Angela Savage, author of The Dying Beach
The Dying Beach, set in the exquisite southern Thai province of Krabi, finds expatriate PI Jayne Keeney investigating the death of a young tour guide, a case that takes her into the murky world of corruption and environmental destruction.
Where are you from / where do you call home?:
I was born in Melbourne and call it home, but my heart is divided between Australia and Southeast Asia. When you were a kid, what did you want to become? An author?: I’ve wanted to be an author for as long as I can remember. I still have a book of bad poetry that I made as a ten-year-old, complete with ‘About the Author’ blurb on the back cover.
What do you consider to be your best work? Why?:
I believe writing is a craft and you get better with practice. My best work is still to come. Describe your writing environment to us – your writing room, desk, etc.; is it ordered or chaotic?: I share a study with my partner, also a crime writer. His desk is ordered. Mine is chaotic. Thus the world balances itself.
When you’re not writing, who/what do you like to read?:
I love good writing. I love books that reveal something new about the world and make me feel transported. I read mostly crime fiction and non-genre fiction, as well as at least one classic and one non-fiction book each year. Among contemporary Australian crime writers whose work I admire are Honey Brown, Robert Gott, Wendy James, David Whish-Wilson and Leigh Redhead. Two of my favourite books of all time are The Poisonwood Bible by Barbara Kingsolver and The English Patient by Michael Ondaatje.
What was the defining book(s) of your childhood/schooling?:
The Tale of Jemima Puddleduck by Beatrix Potter stands out from a childhood rich in books as my first thriller. The tale of a naïve duck who accepts the offer of a sandy-whiskered gentleman to incubate her eggs in his feather filled wood-shed still gave me chills more than 30 years later when I read it to my daughter. Jemima Puddle-Duck introduced me the power of literature that unsettles, frightens, arouses, and introduced me to the perennial literary theme of inappropriate relationships.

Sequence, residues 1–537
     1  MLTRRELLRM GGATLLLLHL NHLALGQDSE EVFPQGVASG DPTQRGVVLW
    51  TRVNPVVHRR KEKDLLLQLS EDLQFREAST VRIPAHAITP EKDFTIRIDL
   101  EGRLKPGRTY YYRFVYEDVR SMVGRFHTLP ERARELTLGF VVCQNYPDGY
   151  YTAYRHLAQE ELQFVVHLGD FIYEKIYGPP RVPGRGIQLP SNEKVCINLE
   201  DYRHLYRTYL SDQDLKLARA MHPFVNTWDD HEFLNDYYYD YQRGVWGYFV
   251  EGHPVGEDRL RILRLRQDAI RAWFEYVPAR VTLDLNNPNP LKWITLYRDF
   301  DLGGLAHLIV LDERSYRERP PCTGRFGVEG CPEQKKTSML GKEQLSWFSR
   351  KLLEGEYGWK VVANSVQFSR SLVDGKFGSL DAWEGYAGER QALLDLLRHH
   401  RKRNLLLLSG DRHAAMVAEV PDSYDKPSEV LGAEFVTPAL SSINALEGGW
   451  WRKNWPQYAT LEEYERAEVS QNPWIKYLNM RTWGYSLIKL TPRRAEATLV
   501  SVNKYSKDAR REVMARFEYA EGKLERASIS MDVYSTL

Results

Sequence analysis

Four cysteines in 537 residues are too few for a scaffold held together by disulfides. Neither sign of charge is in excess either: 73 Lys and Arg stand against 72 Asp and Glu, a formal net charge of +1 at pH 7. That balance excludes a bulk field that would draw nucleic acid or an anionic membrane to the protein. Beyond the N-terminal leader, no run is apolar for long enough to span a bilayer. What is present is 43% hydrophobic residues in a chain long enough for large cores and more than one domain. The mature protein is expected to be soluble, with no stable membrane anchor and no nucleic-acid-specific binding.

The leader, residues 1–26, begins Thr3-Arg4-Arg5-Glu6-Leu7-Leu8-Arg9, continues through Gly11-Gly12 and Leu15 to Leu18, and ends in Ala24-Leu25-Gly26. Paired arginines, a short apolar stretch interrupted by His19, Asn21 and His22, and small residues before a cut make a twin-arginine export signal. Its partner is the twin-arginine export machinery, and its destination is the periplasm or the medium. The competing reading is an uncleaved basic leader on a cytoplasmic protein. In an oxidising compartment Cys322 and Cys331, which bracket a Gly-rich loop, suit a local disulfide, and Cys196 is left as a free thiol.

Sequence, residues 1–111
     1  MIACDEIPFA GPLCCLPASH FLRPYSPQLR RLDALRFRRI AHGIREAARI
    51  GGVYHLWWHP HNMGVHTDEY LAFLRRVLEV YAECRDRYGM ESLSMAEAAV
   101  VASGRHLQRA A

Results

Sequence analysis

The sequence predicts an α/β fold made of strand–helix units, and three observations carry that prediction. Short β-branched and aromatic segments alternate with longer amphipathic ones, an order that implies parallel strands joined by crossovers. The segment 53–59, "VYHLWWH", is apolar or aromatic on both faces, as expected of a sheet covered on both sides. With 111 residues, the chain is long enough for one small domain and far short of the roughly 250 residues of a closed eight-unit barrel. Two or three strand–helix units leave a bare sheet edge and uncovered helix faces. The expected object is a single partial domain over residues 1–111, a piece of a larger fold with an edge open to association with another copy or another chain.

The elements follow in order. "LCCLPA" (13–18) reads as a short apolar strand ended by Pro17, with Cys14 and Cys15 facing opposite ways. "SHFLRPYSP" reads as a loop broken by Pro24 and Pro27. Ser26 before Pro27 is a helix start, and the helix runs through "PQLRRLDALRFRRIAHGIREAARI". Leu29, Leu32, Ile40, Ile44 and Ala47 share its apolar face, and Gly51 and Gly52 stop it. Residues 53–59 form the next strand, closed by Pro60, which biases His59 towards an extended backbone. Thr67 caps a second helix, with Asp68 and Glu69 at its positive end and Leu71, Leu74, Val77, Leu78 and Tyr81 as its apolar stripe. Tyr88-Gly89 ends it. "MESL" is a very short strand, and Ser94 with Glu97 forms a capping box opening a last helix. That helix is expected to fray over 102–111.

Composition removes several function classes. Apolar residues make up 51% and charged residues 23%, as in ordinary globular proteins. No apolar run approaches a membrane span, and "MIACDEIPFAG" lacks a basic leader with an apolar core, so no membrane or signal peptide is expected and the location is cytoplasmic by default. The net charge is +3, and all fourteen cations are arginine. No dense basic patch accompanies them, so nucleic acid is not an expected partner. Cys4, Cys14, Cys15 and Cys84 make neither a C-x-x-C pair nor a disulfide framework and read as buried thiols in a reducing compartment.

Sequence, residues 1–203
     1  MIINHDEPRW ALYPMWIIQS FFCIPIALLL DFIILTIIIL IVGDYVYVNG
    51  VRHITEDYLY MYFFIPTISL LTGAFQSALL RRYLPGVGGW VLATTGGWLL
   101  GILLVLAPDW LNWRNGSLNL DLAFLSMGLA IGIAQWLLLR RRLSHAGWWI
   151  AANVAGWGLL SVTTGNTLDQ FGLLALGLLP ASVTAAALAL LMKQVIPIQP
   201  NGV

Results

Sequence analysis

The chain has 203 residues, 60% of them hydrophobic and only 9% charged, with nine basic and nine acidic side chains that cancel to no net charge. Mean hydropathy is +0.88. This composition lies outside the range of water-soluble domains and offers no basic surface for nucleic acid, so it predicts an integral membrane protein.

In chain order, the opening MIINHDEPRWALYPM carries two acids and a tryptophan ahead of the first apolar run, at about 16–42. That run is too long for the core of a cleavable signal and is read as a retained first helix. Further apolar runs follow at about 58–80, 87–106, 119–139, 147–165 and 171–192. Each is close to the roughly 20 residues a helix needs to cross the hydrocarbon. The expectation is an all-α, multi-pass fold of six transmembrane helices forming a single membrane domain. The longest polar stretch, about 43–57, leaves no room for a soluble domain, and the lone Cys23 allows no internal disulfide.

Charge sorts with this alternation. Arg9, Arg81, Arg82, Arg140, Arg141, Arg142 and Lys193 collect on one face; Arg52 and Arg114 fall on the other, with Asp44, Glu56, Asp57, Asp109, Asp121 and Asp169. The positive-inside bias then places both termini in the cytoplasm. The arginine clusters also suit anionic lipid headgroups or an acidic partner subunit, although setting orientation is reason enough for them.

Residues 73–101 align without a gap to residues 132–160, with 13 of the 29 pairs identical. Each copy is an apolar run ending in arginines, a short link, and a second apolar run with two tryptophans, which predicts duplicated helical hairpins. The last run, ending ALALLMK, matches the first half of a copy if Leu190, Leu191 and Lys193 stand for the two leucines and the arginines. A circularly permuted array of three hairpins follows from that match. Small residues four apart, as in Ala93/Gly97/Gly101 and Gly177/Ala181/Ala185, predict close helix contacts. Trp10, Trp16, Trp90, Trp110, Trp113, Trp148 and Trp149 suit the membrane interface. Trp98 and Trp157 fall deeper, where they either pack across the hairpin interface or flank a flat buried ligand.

If you were a literary character, who would you be?:
I would be an outsider drawn to Asia, like the unnamed narrator in Ruth Prawer Jhabvala’s Heat and Dust, or journalist Guy Hamilton in Christopher Koch’s The Year of Living Dangerously.
Apart from books, what do you do in your spare time (surprise us!)?:
Spare time? I work four days a week, write books, try to maintain an ‘online presence’ and a functioning household with a partner and young child… I sometimes get to knit in front of DVDs. I also enjoy singing along to 80s pop music. Loudly.
What is your favourite food and favourite drink?:
I love Lao, Thai, Malaysian, Indian and good Italian food, French cheese and Belgian chocolate. I like New Zealand sauvignon blanc in summer, Australian shiraz in winter and Irish whiskey all year round.
Who is your hero? Why?:
I’m not really one for hero worship, but I have enormous admiration for the people I’ve had the privilege of working with on HIV/AIDS prevention in Southeast Asia over the years. I reserve particular admiration for the bravery and resilience of the Cambodians I worked with.
Crystal ball time – what is the biggest challenge for the future of books
A friend suggested recently that we are headed for another Dark Ages, with the digitisation of so many of our cultural products. I think the biggest challenge is ultimately how we protect and preserve books for future generations.
Website URL: www.angelasavage.wordpress.com
Blog URL: www.angelasavage.wordpress.com
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Twitter URL: https://twitter.com/angsavage